Within one day, the group had more than 50,000 members. When Facebook told her it was getting too big to handle, she started separate pages for specific parts of town. Drivers reached out to others nearby who were out of gas — and therefore heat. People who lived near gridlocked roads headed out in SUVs and 4-wheel-drives — even on foot — to deliver food, diapers and blankets. They gave rides to the elderly, pregnant women, families with children, and people with medical conditions including cancer. Some made several trips.

Requests for Help

Heart-wrenching posts by family members asked for help for parents, small children and others who would be otherwise unreachable. People (including me) helped spread the word that help was needed. Requests are still coming in as I write this, but many posts are being resolved.

Soon, in addition to requests for help, the page hosted expressions of gratitude. “Thank you Michelle Sollicito……because of your facebook group I just got home safely thanks to some nice strangers I met in your group,” a woman named Keeya Milner posted on the main SnowedOutAtlanta Facebook page. “I was stranded in Buckhead for over 24 hrs and I’m pregnant and had a child at home. God bless you!!!!!”

“There were hundreds of people who were helped, and lives were saved because of this woman’s quick thinking,” a woman named Kim Lostetter posted, asking the new media to take note of Sollicito’s work. “She truly brought a community together and the people showed an amazing spirit for their generosity … This has been one of the most amazing experiences I have ever been a part of and it makes me proud to call Georgia my home.”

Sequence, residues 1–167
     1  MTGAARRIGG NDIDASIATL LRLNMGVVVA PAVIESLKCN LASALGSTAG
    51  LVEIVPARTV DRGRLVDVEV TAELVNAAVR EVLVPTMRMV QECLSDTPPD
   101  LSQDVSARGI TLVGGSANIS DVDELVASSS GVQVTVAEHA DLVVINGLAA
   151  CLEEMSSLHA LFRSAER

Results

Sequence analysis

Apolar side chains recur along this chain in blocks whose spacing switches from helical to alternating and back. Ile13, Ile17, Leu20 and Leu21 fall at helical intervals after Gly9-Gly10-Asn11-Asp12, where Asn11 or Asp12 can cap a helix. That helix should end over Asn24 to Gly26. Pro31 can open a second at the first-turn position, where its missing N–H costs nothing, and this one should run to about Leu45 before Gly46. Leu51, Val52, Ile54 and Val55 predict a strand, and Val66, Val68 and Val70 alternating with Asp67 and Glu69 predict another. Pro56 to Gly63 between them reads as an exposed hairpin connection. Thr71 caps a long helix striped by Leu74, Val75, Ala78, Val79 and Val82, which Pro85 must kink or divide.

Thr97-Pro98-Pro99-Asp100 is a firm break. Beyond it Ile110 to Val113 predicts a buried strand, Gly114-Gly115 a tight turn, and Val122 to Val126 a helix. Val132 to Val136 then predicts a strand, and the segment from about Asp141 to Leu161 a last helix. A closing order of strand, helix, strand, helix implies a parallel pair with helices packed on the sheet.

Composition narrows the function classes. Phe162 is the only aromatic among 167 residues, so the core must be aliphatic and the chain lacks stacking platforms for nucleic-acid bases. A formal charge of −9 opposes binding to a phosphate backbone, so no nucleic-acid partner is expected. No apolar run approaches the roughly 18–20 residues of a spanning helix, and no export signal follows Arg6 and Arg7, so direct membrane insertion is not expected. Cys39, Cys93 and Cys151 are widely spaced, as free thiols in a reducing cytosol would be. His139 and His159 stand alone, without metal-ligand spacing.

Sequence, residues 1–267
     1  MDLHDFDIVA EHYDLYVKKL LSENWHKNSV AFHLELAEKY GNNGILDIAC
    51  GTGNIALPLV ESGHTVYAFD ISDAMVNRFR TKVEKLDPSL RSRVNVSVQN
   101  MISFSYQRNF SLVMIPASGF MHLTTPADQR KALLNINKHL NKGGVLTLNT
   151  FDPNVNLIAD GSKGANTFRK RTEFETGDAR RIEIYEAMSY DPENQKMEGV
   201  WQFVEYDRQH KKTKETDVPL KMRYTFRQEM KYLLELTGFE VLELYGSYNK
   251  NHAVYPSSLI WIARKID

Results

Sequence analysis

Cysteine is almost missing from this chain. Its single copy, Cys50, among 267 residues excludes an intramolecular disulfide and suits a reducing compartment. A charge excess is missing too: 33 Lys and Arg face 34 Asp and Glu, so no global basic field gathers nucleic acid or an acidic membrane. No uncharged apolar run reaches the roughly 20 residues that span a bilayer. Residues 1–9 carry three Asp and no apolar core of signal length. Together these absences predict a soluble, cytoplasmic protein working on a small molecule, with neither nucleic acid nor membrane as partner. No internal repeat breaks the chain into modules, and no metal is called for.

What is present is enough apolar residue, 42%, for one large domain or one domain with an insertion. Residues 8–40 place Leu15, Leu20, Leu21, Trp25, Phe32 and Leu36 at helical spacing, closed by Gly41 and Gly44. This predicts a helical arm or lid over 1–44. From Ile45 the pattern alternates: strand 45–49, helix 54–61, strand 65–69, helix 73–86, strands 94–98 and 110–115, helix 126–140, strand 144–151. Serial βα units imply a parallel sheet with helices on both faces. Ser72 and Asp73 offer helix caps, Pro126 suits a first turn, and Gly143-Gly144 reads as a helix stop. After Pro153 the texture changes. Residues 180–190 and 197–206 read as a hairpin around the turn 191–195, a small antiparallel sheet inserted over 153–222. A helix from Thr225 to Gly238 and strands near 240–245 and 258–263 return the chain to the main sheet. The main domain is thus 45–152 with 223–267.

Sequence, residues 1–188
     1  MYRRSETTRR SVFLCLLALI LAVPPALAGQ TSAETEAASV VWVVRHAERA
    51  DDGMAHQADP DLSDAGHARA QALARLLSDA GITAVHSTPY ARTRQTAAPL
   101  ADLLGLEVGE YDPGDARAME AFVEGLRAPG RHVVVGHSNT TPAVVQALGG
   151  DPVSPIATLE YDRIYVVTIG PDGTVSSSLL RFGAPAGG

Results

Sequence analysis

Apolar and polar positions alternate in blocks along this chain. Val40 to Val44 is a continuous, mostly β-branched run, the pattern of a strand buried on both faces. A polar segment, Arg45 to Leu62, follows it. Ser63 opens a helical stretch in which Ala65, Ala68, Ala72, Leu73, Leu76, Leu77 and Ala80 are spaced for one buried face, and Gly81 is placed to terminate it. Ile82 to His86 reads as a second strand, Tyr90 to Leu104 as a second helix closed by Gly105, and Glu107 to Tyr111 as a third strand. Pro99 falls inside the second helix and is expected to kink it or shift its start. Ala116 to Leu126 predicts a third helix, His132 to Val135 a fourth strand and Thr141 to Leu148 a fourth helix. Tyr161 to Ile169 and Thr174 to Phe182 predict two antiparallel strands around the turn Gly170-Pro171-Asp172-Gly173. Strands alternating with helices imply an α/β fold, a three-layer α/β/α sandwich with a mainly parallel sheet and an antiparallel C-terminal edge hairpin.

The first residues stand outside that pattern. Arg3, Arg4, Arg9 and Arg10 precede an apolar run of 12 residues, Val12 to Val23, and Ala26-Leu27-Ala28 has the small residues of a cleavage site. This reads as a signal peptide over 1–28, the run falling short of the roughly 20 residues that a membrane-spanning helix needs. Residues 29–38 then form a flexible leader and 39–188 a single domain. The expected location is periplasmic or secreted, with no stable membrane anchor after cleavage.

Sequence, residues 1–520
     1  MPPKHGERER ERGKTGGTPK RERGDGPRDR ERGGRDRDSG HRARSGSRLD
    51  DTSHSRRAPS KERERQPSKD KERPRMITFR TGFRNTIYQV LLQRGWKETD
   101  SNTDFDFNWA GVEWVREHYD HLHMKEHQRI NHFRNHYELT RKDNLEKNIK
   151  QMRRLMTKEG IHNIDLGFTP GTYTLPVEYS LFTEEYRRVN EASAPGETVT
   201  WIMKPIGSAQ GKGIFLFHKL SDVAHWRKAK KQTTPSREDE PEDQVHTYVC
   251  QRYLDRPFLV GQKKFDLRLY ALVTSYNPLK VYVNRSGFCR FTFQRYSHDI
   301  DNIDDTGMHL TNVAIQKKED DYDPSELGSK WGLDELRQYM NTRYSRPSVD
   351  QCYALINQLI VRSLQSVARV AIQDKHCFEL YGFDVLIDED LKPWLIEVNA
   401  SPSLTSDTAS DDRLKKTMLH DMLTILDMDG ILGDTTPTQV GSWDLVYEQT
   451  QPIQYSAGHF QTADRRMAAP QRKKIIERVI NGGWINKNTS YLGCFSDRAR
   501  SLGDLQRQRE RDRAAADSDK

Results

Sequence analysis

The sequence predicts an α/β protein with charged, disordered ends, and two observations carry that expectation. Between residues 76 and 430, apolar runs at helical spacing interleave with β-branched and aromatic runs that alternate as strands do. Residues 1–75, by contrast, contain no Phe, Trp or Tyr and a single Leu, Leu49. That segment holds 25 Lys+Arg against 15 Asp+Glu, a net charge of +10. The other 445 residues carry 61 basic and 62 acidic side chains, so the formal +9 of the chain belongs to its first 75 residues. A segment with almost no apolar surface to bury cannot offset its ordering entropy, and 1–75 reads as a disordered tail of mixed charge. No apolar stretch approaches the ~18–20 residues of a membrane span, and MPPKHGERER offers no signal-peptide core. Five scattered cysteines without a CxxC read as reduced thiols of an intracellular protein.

“Because of the group you created I was able to help a family member who had been stuck in traffic for hours,” someone in New York posted on the page Tuesday night. “God bless you and everyone who has participated in this group this evening, and those who have extended their hands, opened their hearts and homes. It shows that love really does conquer all things.”

A grandmother posted her thanks for helping her son and his family find shelter. “Nothing warms a Nana’s heart more then getting a picture of a 2 year old sleeping grandchild on the cafeteria bench!!! You are my hero!!!!!”

‘I’m Not a Superhero’

Early Wednesday afternoon, a little over 24 hours from the start of the snowfall, Sollicito let group members know not to trust anyone who claimed to be collecting money on her behalf. “It is important no one thinks there is some selfish motive involved in this as it might cloud the whole thing,” she posted on her Facebook profile. “Simply Pay It Forward please.”

Last night she uploaded a video to YouTube summing up her thoughts and motivations. 

“There were school buses that were missing and mothers desperate to find their children on those school buses, and it was a very emotional day,” Sollicito said.

“I’m not a superhero,” she said. “I couldn’t have done it without everybody else and it’s just basically showing the power of social media and the power of Facebook to help people, and it’s so nice to see Facebook used in such a positive way, and to see how many people’s lives we’ve made a difference to.”

A petition on the White House website to commend Sollicito jumped from one signature to hundreds in just a few hours, and is doubtlessly growing even now. Needless to say, there may be things Atlantans don’t know, but there’s one thing they do know — how to look out for each other. All we needed was vision, and social media.

Terri Thornton, a former reporter and TV news producer, owns Thornton Communications, an award-winning PR and social media firm. She is also a freelance editor for Strategic Finance and Management Accounting Quarterly. Follow her on Twitter @TTho